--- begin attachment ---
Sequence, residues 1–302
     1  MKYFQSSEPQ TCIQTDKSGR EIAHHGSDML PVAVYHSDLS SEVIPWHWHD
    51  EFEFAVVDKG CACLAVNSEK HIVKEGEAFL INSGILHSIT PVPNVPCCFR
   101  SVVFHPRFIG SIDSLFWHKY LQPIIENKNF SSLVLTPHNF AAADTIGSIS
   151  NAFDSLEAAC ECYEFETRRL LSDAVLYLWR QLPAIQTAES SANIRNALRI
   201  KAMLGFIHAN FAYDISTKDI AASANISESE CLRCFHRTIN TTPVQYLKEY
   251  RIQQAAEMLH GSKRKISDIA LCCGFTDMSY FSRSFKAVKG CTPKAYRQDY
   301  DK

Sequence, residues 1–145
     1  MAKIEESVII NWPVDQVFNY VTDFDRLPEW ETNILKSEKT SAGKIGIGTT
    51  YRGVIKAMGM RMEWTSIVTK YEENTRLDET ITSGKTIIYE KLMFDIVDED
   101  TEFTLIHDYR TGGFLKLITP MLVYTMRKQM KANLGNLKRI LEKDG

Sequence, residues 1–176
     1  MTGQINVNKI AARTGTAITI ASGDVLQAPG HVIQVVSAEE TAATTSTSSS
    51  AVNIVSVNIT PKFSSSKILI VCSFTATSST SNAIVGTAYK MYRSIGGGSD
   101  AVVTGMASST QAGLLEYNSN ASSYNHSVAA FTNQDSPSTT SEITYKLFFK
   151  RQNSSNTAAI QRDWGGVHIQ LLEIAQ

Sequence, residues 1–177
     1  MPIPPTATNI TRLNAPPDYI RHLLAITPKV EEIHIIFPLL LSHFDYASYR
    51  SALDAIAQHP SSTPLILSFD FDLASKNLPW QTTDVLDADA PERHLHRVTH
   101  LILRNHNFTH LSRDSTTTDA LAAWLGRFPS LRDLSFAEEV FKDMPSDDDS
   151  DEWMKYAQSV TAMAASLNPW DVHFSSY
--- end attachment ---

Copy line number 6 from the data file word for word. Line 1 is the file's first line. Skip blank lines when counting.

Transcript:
   201  KAMLGFIHAN FAYDISTKDI AASANISESE CLRCFHRTIN TTPVQYLKEY